What is Theory of Constraints?
Theory of Constraints (TOC) was developed by Dr. Eli Goldratt by applying the principles and processes of the “Hard Sciences” to the science of analyzing, managing, continuously improving and predicting the performance of organizations in a holistic way. The most important of these are the fundamental beliefs in science that “all complex systems are governed by inherent simplicity” and that "all conflicts (inconsistencies) with systems can be resolved...if we can find the erroneous assumption(s)". The essence of these two beliefs in science is summarized with the truism that “the strength of any chain is governed by the strength of its weakest link”. If you want to strengthen the chain, and improve the performance of the system as a whole, you need to find and strengthen its weakest link. The application of this simple "governing law" can enable us to differentiate between the MANY parts, processes and relationships within a system that can be improved, from those few that must be improved to get more goal units.
TOC, as a body of knowledge, has seen tremendous development and expansion over the last 30 years. Over this period, TOC has evolved into a holistic management philosophy and set of focusing and critical thinking processes that enable us to determine what really is limiting or blocking further improvement in your chosen subject matter or system and also how to identify and implement the necessary and sufficient win: win solution to overcome these limitations in a way that will achieve the buy-in and active contribution of all the key stakeholders.
Today, Dr. Goldratt's Theory of Constraints is used by thousands of corporations, and is taught in over 200 colleges, universities and business schools. His books have sold over 4 million copies and have been translated into 23 languages.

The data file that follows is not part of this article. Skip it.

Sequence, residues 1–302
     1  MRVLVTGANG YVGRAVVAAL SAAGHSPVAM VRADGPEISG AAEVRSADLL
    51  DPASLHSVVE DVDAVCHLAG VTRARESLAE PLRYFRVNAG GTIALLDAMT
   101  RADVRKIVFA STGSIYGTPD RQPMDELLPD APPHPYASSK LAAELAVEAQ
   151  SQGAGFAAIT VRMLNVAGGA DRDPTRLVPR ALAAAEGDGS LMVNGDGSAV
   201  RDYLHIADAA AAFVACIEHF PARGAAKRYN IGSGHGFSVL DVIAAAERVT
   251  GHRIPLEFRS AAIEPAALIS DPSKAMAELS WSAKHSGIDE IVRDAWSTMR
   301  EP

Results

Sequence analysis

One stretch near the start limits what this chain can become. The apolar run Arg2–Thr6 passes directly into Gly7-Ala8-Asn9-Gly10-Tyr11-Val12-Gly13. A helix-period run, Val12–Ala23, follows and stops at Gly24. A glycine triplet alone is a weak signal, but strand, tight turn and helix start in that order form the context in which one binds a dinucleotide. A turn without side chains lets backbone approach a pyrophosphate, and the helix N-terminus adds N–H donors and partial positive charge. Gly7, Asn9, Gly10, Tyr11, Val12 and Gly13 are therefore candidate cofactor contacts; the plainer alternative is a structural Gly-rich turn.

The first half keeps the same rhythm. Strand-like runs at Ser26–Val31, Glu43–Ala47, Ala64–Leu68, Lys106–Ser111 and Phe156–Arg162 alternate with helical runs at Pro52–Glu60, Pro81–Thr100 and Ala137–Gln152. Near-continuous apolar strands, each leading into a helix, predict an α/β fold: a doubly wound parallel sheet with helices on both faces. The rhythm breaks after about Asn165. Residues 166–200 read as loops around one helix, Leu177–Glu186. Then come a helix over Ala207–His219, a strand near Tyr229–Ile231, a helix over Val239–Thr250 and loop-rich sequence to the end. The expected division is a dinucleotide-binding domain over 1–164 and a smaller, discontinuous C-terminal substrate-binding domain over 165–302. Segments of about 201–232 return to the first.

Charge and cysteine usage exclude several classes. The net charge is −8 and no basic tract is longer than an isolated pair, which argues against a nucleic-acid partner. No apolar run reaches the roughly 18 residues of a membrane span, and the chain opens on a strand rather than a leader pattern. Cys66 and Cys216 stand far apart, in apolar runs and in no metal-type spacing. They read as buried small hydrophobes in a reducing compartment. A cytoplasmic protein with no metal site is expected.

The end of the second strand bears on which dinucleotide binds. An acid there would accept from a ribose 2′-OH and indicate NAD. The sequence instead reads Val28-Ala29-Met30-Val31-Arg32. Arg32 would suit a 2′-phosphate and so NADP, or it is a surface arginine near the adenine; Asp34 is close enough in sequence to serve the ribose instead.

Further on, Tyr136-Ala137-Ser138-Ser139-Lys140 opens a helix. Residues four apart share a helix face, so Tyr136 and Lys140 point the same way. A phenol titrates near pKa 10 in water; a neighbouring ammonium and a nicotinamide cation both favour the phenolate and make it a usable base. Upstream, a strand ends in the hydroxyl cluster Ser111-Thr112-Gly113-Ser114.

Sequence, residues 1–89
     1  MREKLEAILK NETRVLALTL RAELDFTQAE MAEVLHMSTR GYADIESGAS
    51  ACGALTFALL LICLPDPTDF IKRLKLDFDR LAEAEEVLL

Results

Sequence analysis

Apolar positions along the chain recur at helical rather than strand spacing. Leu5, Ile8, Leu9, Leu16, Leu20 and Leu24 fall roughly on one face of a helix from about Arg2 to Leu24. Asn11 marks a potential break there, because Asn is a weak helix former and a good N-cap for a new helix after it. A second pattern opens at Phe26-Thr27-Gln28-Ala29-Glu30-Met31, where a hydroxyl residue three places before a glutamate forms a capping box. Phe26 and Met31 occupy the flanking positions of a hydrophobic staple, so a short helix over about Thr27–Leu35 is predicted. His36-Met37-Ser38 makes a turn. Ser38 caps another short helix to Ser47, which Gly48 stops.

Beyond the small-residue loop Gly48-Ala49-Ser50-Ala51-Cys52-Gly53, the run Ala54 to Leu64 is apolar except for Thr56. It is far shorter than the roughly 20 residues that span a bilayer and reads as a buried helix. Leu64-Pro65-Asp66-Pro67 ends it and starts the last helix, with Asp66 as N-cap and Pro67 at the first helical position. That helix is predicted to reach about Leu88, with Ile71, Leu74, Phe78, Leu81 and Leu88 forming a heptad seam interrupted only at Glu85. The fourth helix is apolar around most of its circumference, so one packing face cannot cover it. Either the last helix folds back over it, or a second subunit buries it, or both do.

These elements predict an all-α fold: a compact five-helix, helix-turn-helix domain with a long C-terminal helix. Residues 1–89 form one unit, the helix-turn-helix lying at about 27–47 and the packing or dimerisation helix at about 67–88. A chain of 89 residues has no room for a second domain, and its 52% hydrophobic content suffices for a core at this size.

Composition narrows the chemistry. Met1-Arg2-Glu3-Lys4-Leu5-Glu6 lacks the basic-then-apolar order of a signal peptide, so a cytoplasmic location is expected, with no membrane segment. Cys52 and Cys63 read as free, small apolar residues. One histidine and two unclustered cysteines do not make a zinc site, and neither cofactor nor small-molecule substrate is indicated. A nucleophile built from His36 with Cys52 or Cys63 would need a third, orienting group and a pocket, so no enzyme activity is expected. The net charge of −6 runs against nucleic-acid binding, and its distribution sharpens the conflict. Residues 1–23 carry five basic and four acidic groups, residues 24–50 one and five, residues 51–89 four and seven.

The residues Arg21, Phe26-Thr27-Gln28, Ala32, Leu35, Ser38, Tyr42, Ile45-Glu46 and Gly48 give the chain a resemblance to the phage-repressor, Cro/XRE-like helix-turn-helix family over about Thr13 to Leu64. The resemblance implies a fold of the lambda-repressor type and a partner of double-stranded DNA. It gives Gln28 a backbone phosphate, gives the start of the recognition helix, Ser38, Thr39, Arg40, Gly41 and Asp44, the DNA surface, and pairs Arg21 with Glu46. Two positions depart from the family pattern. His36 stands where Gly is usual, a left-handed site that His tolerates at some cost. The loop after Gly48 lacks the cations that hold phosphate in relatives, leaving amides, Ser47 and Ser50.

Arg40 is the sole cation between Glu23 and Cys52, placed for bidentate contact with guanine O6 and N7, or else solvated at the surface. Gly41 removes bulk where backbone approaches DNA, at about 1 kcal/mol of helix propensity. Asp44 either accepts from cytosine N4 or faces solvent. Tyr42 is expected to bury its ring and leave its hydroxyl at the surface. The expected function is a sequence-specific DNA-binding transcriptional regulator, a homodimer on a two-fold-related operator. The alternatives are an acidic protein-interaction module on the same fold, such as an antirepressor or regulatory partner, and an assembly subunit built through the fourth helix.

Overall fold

The “Theory of Constraints” consists of five distinct, but interrelated parts – “The Five Focusing Steps”, “The Thinking Processes”, “Throughput Accounting”, “Application specific TOC Solutions”, and “The Six Necessary & Sufficient Questions relating to Technology”. Before you embark on your analysis, we believe it is important to clarify the purpose and relationship between the different parts of TOC.
1. The first is TOC’s Five Focusing Steps (5FS), a process of ongoing improvement that can be applied to any organization to continuously improve the achievement of more “goal units”. The five focusing steps are:
Step 0: Define (or make explicit) the Goal and Goal units of the System
2. The second is the TOC’s Thinking Processes (TP), a set of necessity- and sufficiency-based logical thinking and communication processes for identifying the few erroneous or limiting assumptions and associated local or short term optima rules (called core problems) that limit an organization or individual from better protecting, exploiting or elevating the system constraint and for developing, validating and communicating the new holistic rules that will enable better protection, exploitation and or elevation of the system constraint. These thinking processes include the Conflict Cloud, the Current Reality Tree, Future Reality Tree, Negative Branch Reservations, Pre-requisite Tree and the latest addition, the Strategy & Tactic Tree.
3. The third is TOC’s Throughput Accounting (TA), a set of processes for measuring the status and causes of the overall system’s financial performance and for judging the impact of local actions/decisions on the performance of the system as a whole. This is achieved by combining insights on the impact of any decision on the system constraint, now as well as in the future, with the quantitative impact on System Throughput (Sales – Totally Variable Cost), Operating Expenses (all non-variable costs) and Investment.
4. The fourth is TOC’s application specific generic solutions, that provide the necessary and sufficient constraint focused rules for improving and managing functional areas, such as
5. The fifth is TOC’s Six Necessary & Sufficient Questions relating to Technology (N&S) to identify the power of a new technology, the limitation it addresses, the rules created to cope with the previous limitation that must be changed, the new rules needed to exploit the power of the technology, the resulting required changes in technology itself and finally how the technology provider, integrator and user can work together to enable the implementation of the required changes on a win/win basis.